The rise of desk bombing

Albert Robescu argues this buzz phrase highlights how disconnected we’ve become

You may have heard the newly coined phrase ‘desk bombing’ which is when a colleague unexpectedly stops by your desk for a chat. The use of this term is hardly positive, suggesting that a co-worker wanting an unplanned conversation is somehow rude and selfish. But when did an unscheduled office chat suddenly become a frowned-upon part of office culture? Sadly, the very existence of the phrase ‘desk bombing’ suggests that we’re becoming increasingly intolerant and disconnected from others. In my view, every office culture needs desk-bombers and here’s why!

Strong workplace connections help prevent the creation of siloes, strengthen culture, and ultimately nurture a workplace community in which everyone is linked by purpose and are working towards the same goals. According to research, when organisations have strong communities, the benefits are significant, with employees 785% more likely to feel that they belong and 62% more likely to stay at the company for four or more years. This sense of belonging also reduces burnout by 38%.

Unfortunately, the rise of remote and hybrid working has impacted organisations’ connections and sense of community, with the same research revealing that 45% of employees are now interacting with far fewer work colleagues.  Plus, 1 in 3 employees feel disconnected from their leader, exacerbating isolation and loneliness.

Permitting and even encouraging informal and ad hoc conversations between co-workers rather than frowning on desk bombers, is also an important element of modern leadership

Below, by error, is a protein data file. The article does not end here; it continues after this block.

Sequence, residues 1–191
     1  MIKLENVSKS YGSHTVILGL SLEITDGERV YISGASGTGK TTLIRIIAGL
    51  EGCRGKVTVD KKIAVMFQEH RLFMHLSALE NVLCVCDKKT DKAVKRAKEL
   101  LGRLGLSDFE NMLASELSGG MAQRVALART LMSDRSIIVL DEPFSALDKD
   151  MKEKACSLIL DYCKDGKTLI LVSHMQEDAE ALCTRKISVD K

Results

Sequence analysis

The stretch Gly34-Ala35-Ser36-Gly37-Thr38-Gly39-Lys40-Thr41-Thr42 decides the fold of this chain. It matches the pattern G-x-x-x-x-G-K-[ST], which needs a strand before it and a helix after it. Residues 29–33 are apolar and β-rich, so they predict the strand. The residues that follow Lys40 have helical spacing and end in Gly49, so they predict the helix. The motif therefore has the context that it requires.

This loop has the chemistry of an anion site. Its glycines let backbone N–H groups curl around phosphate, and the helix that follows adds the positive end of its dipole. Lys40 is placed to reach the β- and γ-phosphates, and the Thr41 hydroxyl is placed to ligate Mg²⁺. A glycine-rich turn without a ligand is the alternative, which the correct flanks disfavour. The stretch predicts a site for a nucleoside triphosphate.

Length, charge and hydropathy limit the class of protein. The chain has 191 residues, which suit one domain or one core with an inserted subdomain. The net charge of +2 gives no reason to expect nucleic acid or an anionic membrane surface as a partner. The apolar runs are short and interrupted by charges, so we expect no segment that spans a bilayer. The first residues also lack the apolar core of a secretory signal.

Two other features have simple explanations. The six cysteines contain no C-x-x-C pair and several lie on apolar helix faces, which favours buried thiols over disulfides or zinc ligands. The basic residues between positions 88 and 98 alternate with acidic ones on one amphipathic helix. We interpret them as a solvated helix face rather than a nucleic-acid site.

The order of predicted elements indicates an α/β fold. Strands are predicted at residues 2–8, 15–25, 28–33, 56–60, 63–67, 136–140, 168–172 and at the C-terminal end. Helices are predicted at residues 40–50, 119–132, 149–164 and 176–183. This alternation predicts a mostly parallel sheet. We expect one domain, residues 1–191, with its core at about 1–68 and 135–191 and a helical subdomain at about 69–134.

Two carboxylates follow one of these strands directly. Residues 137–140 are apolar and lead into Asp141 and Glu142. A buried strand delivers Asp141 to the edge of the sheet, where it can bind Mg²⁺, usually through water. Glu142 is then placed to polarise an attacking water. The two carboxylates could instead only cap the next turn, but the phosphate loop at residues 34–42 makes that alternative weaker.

With employees now used to having to book time with their hybrid colleagues, casual conversations don’t just happen in the same way, and it appears that this approach is rubbing off on office-based culture. Some workers feel uncomfortable when their time with others hasn’t been pre-booked and aren’t welcoming of unexpected desk visitors.

However, unplanned conversations are important for strengthening connections and that all-important sense of belonging. Workplace relationships simply can’t be nurtured in a controlled and sterile way in which all conversations with colleagues are pre-arranged and diarised. If employees are to truly feel part of a strong community, they must welcome a random chat with a colleague or a manager, whether it’s at their desk, in the kitchen or in the office car park. These ad hoc conversations are often the best at bringing people together as they tend to be relaxed and more human, allowing people to more easily connect with one another.

Permitting and even encouraging informal and ad hoc conversations between co-workers rather than frowning on desk-bombers, is also an important element of modern leadership in which managers actively find ways to bring their team members together. This personal and supportive leadership approach recognises the value of getting to know each employee as an individual and as part of this, an open door policy is important. After all, employees must feel comfortable enough to stop by their manager’s desk as and when required, whether this is for guidance or simply a reassuring chat. If employees always feel that they have to go through the formal process of booking time with their manager, this could lead to individuals feeling unable to reach out for help when they most need it!

New buzz phrases seem to be popping up all the time and unfortunately they aren’t always helpful. In the case of desk bombing, organisations need to be cautious about letting this phrase into their workforce’s everyday language as it could well have unwanted consequences, ultimately leading to a fragmented organisational culture.

Albert Robescu is European Culture and Engagement Strategist from O.C. Tanner

Albert Robescu

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